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Testing the Waters: Civil Engineering Student Aims to Tackle World’s Next Big Crisis

Morgan DiCarloMorgan DiCarlo ’16, is dreaming big. One of Stony Brook’s first civil engineering majors and a fan of buildings, bridges and other enormous structures since childhood, Morgan wants to earn a degree that will allow her to help solve some of the world’s biggest environmental problems.

“I think engineering is the best way to make a change in the world,” says Morgan, who is from Thiells, New York, and a member of Stony Brook’s WISE (Women in Science and Engineering) program. “Maybe subtly, maybe not everyone knows your name, but as an engineer you can be the person behind that bridge that someone uses every single day to get to work.”

Her top interests are coastal engineering — protecting our coastlines from superstorms like Sandy — and management of water resources through providing potable water to populations, handling waste management and providing clean energy.

“There’s a limited access to clean, potable water all over the world right now,” explains Morgan, who interned with the Suffolk County Water Authority last summer, a placement she found through Stony Brook’s Career Center. “I think a big crisis of this generation is going to be finding ways to meet the growing need for water and innovating new filtration and new ways of desalination, sewage disposal and coastal preservation. Water is the next thing we’re going to be fighting wars over, the way we’re fighting over oil now.”

During the summer Morgan also worked with the director and faculty of WISE to develop a STEM (Science, Technology, Engineering and Mathematics) curriculum for civil engineering that will be utilized with WISE’s middle and high school programs. WISE already has programs that allow girls from underrepresented schools to do science and engineering projects at Stony Brook during the school year.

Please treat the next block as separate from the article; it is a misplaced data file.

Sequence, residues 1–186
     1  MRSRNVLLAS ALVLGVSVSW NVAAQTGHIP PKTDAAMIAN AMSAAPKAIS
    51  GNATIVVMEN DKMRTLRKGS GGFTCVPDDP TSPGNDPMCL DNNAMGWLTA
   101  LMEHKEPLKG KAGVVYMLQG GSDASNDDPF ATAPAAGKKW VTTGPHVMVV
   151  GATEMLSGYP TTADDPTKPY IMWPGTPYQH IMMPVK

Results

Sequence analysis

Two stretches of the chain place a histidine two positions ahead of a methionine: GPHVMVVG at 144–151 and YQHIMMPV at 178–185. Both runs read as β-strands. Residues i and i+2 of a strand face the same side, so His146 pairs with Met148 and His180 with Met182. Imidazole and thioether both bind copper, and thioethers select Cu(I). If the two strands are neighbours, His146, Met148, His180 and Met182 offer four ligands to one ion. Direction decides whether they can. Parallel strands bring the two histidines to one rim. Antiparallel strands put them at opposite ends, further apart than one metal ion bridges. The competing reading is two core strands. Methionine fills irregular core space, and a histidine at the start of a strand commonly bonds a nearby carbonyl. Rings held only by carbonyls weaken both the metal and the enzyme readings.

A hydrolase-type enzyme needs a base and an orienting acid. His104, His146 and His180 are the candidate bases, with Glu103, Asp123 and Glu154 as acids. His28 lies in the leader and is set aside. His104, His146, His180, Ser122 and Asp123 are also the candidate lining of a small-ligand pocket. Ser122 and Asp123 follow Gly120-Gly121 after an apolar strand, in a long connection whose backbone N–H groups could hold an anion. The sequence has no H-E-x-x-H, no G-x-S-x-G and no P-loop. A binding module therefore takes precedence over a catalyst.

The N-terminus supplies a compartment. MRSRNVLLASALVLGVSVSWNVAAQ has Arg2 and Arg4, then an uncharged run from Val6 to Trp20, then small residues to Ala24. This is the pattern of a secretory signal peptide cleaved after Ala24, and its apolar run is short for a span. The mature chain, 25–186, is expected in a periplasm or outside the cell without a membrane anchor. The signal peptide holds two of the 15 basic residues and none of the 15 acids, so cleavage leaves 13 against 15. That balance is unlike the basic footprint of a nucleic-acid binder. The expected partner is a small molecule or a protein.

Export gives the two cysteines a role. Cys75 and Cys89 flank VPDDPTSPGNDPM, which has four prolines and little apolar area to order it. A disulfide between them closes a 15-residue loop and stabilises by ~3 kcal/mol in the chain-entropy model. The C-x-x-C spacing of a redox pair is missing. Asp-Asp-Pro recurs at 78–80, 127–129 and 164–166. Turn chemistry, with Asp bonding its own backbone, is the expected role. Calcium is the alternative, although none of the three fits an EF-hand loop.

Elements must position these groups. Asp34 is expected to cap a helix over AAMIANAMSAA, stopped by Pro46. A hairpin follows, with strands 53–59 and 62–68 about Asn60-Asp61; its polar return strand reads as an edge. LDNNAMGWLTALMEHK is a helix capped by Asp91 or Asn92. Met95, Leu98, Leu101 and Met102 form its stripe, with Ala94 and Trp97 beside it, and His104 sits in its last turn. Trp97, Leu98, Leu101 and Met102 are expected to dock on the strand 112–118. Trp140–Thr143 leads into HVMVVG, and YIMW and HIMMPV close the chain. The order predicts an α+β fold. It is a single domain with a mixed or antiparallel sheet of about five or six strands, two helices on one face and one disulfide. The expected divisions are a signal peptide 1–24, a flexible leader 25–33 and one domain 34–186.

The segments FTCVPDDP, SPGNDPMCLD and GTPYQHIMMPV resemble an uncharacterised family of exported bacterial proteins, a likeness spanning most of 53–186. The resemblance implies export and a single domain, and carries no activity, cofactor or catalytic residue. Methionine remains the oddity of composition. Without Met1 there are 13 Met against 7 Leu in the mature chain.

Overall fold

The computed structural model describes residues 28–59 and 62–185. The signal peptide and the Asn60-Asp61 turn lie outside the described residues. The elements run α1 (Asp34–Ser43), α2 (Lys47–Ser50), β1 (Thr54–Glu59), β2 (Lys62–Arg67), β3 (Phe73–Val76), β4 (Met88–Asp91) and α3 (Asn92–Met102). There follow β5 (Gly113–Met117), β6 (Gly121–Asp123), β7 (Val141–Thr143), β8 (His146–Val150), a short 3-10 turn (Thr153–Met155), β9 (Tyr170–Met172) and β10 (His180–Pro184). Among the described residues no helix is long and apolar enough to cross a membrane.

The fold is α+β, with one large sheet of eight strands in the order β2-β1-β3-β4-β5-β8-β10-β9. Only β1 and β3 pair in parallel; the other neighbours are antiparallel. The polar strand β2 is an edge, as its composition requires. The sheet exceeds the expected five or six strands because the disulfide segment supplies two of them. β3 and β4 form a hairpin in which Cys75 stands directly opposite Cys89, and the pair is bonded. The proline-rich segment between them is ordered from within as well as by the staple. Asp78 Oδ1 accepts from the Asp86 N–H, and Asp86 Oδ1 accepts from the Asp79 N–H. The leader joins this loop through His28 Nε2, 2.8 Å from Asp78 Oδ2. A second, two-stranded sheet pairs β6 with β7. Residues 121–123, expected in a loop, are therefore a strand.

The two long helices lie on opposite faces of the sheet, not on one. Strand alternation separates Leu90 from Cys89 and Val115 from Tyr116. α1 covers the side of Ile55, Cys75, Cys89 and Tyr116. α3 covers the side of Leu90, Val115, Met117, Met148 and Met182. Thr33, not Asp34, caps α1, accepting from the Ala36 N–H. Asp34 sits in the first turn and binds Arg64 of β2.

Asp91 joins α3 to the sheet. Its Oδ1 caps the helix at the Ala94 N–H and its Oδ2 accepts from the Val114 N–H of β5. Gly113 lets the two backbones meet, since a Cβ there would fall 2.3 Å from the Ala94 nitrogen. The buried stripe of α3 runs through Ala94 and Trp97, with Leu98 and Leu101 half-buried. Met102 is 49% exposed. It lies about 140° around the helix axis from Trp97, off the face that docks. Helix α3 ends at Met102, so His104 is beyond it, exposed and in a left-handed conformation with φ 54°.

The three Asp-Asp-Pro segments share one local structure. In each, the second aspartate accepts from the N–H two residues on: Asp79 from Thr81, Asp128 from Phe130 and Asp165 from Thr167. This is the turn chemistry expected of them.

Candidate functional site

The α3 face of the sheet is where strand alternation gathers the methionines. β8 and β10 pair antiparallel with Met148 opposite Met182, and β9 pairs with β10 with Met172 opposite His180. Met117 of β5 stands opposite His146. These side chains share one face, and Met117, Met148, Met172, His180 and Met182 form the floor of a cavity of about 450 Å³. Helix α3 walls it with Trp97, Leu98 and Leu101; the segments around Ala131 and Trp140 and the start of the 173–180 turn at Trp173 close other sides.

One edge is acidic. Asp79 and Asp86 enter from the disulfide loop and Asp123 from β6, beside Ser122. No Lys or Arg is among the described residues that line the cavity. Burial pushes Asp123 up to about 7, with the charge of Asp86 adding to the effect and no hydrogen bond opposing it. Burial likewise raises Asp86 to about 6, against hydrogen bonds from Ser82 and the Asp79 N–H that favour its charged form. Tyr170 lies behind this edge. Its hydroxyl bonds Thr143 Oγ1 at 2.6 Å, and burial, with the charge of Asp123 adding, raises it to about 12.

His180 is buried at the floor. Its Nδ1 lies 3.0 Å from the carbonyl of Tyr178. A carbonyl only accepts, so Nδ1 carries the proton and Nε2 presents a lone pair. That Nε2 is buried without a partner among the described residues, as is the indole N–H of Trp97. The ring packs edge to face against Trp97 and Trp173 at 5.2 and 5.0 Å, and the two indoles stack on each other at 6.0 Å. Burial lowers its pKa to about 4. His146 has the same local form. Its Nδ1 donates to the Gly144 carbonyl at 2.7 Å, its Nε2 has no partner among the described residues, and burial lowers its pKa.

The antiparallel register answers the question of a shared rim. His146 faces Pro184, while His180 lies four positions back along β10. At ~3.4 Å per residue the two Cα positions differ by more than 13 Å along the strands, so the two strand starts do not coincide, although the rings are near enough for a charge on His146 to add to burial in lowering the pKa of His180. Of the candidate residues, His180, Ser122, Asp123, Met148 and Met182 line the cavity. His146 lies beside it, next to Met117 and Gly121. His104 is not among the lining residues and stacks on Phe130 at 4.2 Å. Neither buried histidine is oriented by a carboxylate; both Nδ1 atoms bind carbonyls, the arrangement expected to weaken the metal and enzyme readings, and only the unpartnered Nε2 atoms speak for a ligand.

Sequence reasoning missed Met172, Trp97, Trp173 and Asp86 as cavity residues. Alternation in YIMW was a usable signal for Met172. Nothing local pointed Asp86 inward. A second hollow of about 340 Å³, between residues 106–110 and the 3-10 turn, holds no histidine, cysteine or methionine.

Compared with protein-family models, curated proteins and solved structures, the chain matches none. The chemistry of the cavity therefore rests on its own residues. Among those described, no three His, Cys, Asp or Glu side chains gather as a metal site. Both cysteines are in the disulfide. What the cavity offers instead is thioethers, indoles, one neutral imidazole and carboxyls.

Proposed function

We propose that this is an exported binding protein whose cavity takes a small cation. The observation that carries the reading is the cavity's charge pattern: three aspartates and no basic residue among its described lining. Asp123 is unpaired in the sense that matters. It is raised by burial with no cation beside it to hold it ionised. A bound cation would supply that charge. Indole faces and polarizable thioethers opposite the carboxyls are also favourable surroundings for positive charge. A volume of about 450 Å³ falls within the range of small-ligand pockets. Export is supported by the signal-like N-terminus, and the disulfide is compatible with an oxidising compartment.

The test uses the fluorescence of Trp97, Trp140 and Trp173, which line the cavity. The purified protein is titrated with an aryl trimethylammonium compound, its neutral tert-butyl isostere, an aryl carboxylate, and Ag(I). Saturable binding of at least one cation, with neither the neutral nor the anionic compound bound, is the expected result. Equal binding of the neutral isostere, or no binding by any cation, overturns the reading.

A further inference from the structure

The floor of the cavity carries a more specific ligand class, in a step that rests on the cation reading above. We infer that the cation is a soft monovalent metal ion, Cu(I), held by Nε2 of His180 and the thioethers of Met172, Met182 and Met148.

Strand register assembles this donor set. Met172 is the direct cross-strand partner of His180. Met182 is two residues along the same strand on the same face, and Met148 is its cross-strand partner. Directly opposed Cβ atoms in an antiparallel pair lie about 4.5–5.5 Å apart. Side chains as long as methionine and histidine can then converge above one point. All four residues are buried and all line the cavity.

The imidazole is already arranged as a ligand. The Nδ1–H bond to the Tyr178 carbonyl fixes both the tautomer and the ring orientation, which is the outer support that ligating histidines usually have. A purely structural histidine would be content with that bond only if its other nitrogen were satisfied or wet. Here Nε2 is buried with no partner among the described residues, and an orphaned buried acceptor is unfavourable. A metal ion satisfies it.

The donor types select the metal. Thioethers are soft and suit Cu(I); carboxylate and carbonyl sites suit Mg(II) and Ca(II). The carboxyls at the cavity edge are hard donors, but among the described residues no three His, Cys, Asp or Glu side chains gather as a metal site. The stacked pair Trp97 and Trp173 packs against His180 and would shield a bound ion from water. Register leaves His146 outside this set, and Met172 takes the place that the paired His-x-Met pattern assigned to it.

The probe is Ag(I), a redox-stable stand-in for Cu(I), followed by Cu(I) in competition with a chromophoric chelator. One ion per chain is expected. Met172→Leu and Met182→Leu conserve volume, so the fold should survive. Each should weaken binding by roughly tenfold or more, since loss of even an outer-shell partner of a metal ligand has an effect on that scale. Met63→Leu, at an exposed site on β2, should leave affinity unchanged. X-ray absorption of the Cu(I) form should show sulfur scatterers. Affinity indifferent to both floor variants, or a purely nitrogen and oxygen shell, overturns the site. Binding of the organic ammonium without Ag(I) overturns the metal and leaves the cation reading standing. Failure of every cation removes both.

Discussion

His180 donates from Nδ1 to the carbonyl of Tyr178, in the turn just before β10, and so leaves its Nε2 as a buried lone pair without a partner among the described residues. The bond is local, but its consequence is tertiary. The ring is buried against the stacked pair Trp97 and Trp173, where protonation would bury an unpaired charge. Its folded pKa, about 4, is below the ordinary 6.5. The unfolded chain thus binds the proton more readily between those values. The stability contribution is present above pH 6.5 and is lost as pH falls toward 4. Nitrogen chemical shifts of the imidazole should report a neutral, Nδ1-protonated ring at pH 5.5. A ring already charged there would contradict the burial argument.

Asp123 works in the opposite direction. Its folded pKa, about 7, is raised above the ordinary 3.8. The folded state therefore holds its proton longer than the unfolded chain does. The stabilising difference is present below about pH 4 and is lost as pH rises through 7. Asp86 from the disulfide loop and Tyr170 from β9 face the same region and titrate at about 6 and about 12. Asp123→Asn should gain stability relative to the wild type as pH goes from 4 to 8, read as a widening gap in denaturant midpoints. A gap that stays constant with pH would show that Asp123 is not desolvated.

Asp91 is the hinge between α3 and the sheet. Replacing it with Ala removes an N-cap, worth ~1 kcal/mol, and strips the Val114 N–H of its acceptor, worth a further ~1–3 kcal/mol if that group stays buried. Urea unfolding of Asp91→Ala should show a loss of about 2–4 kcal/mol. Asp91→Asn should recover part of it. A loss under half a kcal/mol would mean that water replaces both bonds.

“This summer involved a lot of development and testing,” says Morgan. “One of the projects used straws and tape to build structures and test them. The nice thing about civil engineering is that it’s hands-on.”

CalloutNext summer the pilot program will run as a two-week camp, with Morgan as coordinator.

Morgan was recently named one of five finalists in the Advancing Aspirations Global Scholarship contest, a national competition through Discover Bank. The topic was the continued gender gap in STEM disciplines, and Morgan provided a research-based analysis of the factors that keep women and girls from pursuing STEM-related careers and suggested ways to retain and encourage them.

“When I saw what the topic was, I said, ‘I can talk about that for a couple days.’ ”

The winner will be announced in November at the Global Women’s Initiative Conference, where Morgan will have an opportunity to meet and mingle with some of the world’s most accomplished women scientists.

As one of the University’s first civil engineering students, Morgan had a unique opportunity to help shape activities for her cohort. Working with program director Harold Walker, PhD, she founded the Stony Brook chapter of the American Society of Civil Engineers.

“The chapter will bring professionals to campus and get students connected and learning about the major and the applications of it to the real world,” she says. “At the next meeting, someone from a pavement company will come in and talk about summer internships.”

Morgan plans to continue on for her graduate degree after Stony Brook and work as an environmental engineer.

“Being part of WISE has definitely solidified this for me,” she says. “It can be hard to become engaged in something that it seems boys just flock to. People don’t expect you to be as good as you can be. Potable water and coastal engineering are going to be huge issues in the next 20 years, and I want to be prepared to do something about them.”


By Toby Speed; photos by John Griffin


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